There are many things that high schoolers can do in order to pave the best path towards getting into college. In addition to doing well in school, avoiding trouble and getting involved in leadership positions in as many extracurricular activities as possible, students can also opt to take AP classes and AP exams.
There are several advantages to taking AP classes while you're in high school, especially for those who have high hopes for where they go to school.
What Is an AP Class?
AP stands for "Advanced Placement" and it is one of the highest level classes you can take while in high school. According to PrepScholar, AP classes were launched in the 1950s to shorten the academic gap between high school and college.
AP classes are administered by College Board, the same group that administers the SAT (Scholastic Assessment Teset). AP classes are considered intro-level college classes, and students who do well in these classes can typically get college credit or use it as a pre-requisite for upper-level college courses.
The Benefits of Taking AP Classes
There are many benefits to taking AP classes. The first and most important benefit is that taking AP classes makes you a more desirable candidate in the eyes of the admissions office. Students who take the highest level classes offered at their high schools, and do well in those classes, are more likely to get accepted into competitive colleges because it demonstrates their ability to work hard and understand the content in what might be a difficult subject area. Not only that but taking honors classes or AP classes might help you get a higher GPA since colleges often weigh it. For instance, according to Prep scholar, if you get a B in an honors class or AP class, that can translate to an A or 4.0 for a weighted GPA.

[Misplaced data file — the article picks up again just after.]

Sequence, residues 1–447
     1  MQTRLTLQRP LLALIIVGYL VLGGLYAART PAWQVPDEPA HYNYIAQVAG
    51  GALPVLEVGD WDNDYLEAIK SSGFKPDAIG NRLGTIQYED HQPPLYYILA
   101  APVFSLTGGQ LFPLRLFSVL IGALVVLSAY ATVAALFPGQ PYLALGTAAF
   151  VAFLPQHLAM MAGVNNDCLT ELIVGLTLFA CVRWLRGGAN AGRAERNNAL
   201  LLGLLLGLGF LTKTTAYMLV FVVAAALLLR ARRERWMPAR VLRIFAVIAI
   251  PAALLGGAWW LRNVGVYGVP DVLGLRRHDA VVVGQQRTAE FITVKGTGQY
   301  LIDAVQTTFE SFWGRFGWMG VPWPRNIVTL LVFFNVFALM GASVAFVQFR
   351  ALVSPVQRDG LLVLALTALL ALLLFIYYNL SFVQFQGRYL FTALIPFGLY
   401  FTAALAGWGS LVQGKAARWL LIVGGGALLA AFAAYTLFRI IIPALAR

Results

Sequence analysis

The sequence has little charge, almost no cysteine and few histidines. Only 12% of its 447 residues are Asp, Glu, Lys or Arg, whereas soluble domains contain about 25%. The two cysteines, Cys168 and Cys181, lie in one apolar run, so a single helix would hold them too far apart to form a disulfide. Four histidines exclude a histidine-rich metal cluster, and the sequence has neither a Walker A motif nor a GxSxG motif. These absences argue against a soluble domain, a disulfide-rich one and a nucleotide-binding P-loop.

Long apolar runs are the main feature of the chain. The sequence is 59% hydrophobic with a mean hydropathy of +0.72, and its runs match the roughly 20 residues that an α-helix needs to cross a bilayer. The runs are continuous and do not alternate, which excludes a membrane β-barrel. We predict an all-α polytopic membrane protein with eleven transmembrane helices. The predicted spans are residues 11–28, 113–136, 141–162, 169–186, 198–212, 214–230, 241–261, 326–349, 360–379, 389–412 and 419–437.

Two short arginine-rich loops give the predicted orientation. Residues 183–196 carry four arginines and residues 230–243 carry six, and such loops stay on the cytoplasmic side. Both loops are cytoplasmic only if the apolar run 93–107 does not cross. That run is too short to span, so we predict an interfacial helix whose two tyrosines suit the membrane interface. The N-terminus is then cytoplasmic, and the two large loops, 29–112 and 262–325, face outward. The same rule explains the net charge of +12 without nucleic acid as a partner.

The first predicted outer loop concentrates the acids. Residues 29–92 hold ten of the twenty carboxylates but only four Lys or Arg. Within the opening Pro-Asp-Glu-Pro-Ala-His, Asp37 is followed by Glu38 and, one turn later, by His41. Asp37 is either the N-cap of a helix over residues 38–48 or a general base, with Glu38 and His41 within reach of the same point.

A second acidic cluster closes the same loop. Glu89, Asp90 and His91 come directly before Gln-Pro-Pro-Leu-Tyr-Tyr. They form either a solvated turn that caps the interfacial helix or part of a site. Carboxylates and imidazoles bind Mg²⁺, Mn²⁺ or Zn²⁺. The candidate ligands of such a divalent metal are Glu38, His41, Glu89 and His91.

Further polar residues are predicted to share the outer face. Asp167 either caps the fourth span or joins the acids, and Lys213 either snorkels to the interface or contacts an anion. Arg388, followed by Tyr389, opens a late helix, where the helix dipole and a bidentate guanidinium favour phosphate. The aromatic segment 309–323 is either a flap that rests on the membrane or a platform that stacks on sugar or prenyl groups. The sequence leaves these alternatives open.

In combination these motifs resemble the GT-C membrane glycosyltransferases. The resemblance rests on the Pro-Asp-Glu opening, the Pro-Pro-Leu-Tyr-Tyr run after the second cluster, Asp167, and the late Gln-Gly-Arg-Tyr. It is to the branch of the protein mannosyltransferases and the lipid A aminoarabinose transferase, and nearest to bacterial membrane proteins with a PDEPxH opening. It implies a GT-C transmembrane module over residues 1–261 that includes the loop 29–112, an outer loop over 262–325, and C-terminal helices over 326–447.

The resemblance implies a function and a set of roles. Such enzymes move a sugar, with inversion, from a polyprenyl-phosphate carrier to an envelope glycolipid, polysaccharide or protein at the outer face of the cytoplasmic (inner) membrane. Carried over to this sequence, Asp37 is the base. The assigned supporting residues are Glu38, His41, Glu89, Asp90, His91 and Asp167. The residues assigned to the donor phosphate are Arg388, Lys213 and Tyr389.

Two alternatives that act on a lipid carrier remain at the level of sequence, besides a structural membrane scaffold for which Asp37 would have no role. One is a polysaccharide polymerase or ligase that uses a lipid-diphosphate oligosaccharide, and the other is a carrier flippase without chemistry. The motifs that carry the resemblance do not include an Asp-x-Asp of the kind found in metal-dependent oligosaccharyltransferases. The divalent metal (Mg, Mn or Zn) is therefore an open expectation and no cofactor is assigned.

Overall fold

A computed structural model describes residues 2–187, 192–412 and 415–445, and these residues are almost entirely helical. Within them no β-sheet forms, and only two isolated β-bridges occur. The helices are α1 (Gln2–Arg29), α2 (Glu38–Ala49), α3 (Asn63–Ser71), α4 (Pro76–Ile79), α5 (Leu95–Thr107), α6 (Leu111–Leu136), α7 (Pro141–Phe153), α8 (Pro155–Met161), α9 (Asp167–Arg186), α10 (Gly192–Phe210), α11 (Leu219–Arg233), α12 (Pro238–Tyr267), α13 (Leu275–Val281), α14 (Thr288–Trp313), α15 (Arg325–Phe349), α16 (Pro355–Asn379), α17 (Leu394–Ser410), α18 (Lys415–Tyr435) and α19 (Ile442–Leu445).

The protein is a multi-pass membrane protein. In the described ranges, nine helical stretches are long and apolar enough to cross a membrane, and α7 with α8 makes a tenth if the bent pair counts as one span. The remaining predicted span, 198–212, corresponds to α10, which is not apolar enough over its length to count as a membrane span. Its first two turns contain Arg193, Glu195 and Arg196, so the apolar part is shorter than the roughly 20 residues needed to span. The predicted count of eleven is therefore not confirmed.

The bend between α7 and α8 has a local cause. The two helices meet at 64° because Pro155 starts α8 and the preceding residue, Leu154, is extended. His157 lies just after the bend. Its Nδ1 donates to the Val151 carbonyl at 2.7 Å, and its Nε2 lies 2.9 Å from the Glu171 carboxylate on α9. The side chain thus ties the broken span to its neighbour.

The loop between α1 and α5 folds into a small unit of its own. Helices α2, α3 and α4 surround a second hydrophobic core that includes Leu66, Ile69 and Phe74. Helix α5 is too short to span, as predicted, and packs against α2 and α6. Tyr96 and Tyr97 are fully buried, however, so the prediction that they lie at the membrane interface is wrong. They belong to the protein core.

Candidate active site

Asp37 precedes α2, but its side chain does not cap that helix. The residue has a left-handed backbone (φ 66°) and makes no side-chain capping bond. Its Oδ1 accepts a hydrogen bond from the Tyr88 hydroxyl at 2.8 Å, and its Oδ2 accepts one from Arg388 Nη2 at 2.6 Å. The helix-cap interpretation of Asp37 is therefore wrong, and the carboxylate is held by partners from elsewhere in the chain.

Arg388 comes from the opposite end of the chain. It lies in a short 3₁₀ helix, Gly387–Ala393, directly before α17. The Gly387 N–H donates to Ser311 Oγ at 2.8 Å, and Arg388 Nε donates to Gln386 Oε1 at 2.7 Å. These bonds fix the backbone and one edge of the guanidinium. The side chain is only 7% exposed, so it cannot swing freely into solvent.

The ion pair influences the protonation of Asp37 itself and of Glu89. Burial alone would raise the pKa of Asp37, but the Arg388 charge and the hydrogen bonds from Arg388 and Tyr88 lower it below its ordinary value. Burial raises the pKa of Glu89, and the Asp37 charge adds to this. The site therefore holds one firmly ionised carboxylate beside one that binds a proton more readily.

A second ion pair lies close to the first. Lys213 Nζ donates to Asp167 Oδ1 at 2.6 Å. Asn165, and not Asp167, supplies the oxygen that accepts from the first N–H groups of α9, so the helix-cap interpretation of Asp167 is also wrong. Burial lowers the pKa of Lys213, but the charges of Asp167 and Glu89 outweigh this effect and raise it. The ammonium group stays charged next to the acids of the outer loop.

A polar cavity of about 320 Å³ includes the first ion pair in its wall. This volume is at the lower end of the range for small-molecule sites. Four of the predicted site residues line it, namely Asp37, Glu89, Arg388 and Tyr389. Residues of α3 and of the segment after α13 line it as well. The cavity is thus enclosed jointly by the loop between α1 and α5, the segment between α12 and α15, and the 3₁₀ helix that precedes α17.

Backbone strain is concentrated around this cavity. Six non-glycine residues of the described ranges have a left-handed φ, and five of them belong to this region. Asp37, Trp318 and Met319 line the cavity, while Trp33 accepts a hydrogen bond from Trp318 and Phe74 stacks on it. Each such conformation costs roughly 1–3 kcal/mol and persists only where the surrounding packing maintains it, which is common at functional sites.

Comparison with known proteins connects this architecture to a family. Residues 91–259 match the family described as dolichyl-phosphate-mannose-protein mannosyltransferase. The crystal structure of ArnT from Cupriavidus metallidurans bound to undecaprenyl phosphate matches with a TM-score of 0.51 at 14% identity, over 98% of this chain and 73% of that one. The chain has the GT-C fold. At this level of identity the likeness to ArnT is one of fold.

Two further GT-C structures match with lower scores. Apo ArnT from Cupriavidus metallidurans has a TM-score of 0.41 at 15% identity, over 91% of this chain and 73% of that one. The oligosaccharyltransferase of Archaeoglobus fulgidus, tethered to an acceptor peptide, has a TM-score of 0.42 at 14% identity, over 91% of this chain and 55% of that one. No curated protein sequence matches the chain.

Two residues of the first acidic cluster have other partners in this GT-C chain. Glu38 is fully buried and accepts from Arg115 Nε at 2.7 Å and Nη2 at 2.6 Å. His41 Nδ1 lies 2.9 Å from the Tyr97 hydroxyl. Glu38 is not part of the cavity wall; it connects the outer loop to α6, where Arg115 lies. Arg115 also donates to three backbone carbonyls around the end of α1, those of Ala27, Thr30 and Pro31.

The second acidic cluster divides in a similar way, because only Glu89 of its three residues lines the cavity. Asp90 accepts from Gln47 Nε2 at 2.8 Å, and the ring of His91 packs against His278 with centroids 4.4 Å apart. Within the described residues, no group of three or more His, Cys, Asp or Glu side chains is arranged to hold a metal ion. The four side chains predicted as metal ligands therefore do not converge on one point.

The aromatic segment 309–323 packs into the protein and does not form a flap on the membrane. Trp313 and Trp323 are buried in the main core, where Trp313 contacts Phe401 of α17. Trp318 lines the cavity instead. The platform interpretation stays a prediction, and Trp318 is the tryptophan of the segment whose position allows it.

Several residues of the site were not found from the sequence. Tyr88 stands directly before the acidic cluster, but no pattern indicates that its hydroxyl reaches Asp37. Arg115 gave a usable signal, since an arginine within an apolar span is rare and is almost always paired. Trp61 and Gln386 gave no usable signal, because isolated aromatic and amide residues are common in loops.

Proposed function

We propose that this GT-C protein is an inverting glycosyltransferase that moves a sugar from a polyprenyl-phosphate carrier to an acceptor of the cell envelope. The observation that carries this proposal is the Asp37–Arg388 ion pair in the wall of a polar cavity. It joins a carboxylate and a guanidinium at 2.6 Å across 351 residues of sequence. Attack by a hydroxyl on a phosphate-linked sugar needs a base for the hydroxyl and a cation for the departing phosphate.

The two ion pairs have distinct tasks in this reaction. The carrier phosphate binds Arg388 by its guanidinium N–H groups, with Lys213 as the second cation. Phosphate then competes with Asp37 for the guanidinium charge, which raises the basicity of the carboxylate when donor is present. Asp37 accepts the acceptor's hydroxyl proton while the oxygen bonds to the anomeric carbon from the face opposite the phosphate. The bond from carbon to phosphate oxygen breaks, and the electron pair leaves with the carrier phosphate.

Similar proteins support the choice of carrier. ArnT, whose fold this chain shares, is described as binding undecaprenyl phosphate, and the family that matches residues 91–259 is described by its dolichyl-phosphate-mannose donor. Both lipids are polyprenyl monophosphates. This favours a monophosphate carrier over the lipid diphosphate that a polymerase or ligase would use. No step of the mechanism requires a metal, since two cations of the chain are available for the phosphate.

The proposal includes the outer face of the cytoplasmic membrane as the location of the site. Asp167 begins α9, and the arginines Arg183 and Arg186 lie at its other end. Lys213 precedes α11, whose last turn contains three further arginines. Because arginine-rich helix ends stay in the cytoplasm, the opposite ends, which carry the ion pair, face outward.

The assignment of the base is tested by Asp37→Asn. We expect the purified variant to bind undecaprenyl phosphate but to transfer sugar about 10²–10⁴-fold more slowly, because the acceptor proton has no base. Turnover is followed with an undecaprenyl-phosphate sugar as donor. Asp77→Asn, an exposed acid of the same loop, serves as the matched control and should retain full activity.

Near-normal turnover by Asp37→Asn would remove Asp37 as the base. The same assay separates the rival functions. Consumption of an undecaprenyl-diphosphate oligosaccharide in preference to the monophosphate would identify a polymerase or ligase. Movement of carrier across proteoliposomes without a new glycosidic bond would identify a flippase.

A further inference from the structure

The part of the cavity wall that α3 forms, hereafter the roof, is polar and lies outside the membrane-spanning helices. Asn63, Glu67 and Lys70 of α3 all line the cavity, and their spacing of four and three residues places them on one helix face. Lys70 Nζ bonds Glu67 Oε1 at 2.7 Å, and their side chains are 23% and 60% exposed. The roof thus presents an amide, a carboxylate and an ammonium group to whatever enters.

AP classes are also beneficial because they can prepare you better for what to expect once you're in college. When you're in college, teachers will be a lot more hands-off than they are in high school. This is similar to how AP classes are run, and students will quickly discover how to be advocates for their own learning in order to do well. The more prepared you can be for college, the better.